"Aye aye, sir," replied Lieutenant Ilsa Jenner as she plotted and executed the course change, and Lt. Sands as he powered up the tractor beam.

"Sir, everything but the largest piece will fit in the cargo holds," Lt. Sands reported.

"Keep a tractor on it and we'll tow it," Vasher ordered. Still no sign of the raiders. "As soon as all the debris in on board, plot a course to intercept the lifeboats. Notify sick bay to stand by."

With the chunk in tow the F.S.S. Cumberland moved up to the cluster of lifeboats. Only eleven people and the station's 'black box' recorder were recovered. After interviewing the survivors, reviewing the station logs, and examining the wreckage, Captain Vasher composed a long and detailed report. Under maximum encryption it was beamed directly to Starfleet Headquarters.


"I wonder what the muck dwellers use this stuff for," Krita wondered, taking an empty container and rolling it across the plain of shattered ice.

"Hmm?" Parn was only half listening as he sipped. The stuff they had taken from the nest was smooth, easy to digest, rich in minerals and nutrients, and tasted like- like nothing he had ever tasted. Mana from heaven. Food of the Gods. Especially after such a long period of privation there was a temptation to bolt it down but he suppressed it. He kept an eye on the others, too, especially Sarlen. Eating too fast would lead to someone getting sick and throwing up. That there was lots of food only made it more important to conserve.

"Who cares?" Delis crushed his empty and flipped it away.

"Could be important," Torgai commented. "They may not make it at all their nests."

"We are definitely going to want to keep track of where this comes from," Parn declared. He set his current empty next to the two previous, in a neat little row along an ice shelf. Then he retracted his limbs and settled onto his belly, wiggling to shatter the ice and crush it into a scar that conformed to the shape of his belly.

"I mean, I'm sure they didn't do it for us," Kita said, turning a container in her hand. "And what about these little marks?" With the tip of a finger she traced a line of nearly microscopic symbols arranged in neat rows on the container's side.

"Muck dwellers are muck dwellers," Kagan grumbled. His wounds were healing nicely but nevertheless he complained constantly.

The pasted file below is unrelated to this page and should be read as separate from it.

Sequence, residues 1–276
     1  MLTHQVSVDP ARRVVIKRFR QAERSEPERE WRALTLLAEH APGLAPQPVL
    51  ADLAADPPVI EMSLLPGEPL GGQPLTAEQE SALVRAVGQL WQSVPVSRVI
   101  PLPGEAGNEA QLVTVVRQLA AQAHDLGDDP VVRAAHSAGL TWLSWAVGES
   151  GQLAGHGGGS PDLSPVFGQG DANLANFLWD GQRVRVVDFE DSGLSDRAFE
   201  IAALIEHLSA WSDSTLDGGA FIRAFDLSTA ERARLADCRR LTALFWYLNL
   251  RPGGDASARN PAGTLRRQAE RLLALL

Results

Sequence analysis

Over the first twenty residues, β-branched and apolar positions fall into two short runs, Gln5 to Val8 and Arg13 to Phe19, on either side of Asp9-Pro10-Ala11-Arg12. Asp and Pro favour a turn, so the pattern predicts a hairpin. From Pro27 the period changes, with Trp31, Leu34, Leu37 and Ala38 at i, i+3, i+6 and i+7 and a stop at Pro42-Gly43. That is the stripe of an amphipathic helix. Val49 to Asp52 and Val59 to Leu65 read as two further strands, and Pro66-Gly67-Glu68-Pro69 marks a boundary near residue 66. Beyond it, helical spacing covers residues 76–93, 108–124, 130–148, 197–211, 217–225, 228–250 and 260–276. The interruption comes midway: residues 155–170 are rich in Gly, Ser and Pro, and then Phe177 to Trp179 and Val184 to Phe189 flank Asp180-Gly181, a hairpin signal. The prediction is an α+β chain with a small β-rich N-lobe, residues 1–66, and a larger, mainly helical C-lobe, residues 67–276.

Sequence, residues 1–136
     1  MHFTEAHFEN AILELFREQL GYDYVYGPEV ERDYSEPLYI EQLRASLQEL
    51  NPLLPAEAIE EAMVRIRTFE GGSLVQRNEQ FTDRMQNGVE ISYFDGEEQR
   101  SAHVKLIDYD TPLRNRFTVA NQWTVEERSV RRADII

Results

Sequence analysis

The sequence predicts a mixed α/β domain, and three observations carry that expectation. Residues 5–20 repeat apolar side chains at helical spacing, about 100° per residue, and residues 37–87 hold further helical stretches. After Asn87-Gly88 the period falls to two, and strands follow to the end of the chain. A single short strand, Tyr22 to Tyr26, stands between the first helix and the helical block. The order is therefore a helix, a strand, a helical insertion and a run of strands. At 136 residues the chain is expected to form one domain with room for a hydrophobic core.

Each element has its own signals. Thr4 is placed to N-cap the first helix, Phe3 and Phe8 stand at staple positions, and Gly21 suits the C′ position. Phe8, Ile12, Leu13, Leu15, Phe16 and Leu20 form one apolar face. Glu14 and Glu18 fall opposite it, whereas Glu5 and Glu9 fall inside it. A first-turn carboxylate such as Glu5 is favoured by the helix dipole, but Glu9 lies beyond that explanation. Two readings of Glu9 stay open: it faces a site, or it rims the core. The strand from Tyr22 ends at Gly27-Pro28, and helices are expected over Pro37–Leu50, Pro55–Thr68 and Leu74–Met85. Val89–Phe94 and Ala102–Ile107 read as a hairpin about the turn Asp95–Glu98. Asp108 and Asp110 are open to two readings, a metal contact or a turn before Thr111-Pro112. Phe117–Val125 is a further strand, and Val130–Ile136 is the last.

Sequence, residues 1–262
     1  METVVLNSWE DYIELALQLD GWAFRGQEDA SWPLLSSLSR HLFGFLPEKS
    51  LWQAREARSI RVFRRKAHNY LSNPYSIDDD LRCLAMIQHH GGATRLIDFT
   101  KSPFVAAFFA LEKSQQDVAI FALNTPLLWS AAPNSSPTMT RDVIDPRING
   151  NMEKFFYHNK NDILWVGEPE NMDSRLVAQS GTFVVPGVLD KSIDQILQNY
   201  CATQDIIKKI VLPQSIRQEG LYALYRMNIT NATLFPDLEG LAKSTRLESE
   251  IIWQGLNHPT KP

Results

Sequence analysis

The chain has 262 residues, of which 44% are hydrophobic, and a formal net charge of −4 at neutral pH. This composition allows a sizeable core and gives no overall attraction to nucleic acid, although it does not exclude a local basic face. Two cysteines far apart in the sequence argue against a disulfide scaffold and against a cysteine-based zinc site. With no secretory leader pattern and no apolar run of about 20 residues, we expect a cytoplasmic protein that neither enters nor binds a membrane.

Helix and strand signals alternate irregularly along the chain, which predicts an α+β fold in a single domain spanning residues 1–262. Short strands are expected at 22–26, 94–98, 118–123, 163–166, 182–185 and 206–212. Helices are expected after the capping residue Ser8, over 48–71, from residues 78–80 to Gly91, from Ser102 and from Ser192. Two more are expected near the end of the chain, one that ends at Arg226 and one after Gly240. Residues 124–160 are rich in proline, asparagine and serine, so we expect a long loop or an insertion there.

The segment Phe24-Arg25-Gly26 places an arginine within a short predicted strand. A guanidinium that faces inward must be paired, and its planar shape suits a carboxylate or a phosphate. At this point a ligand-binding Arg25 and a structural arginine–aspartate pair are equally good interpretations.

Parn said nothing but he studied the containers a little more closely. They were cleverly constructed, he had to admit; each was a rectangular box with a frame around it so that they could be easily stacked. They were equipped with lids and fittings presumably for filling and draining. Such things were of no concern to people, who could drain the contents using their feeding transporters. But in the back of his mind Parn came to the realization that not only didn't he know how such a thing could be made he couldn't even imagine. For some strange reason that disturbed him.

"How are you feeling, Gava?" Parn inquired.

"I'm... better, my lord," Gava replied in little more than a whisper. She couldn't eat on her own so Azaria and Khalia were feeding her. They had been feeding her during the trip from where the food had been found to here, the icy surface of a rocky planetoid on the very fringes of a nearby system. She had improved considerably during the journey but the landing had been tricky. In spite of the planetoid's vanishingly slight gravity her wounds had cracked open as she touched down. She had been cut five times; no one could understand how she'd even managed to stay alive this long. And she was still alive, in spite of the ugly stain of dried blood and mortified flesh on the ice around her. With the quantity of food on hand the Tribe could afford to stay here until either she died or recovered- and they would. Parn was not going to allow the group to be split again.

"She's going to live," Krita whispered, gently brushing Parn's wing tip. "Thanks to you."

Parn shivered. He fought and fought but the Enemy seemed to be infinite. All he could hear were the screams of the dying. "Thank you," he replied. But that reminded him of another onerous duty. "My friends, one of our brave warriors has left us to be with the Ancestors," he declared, raising his voice to be heard by all. The muted babble of conversation instantly fell silent. "Roso was young but he was brave. He gave his life so that the Seed of his Ancestors may continue."

"Roso is brave," the Tribe chorused.

"We add Roso to the roster of our great Ancestors," Parn continued. "Though he is not longer with us in flesh he stays with us forever in our hearts."

"We remember Roso," came the reply.

Parn hesitated, glancing at Garan. Roso's parents were long dead; Garan was technically an older cousin but he had acted as Roso's father in every possible way. "When I leave my flesh and go to the Core I will sing of Roso to the Ancestors."

"We give our beloved Roso to the Core, where the sky is forever filled with light."

Garan was crying. After a moment Parn realized that he was, too. Krita edged closer and stroked him tenderly.


- Chapter 4 -

Characters & Story ©2000 John R. Plunkett.             Chakona & Chakats ©2000 Bernard Doove.

Credits

 

Link: Return to the main story index page.

Link: Back to the Chakat's Den main page.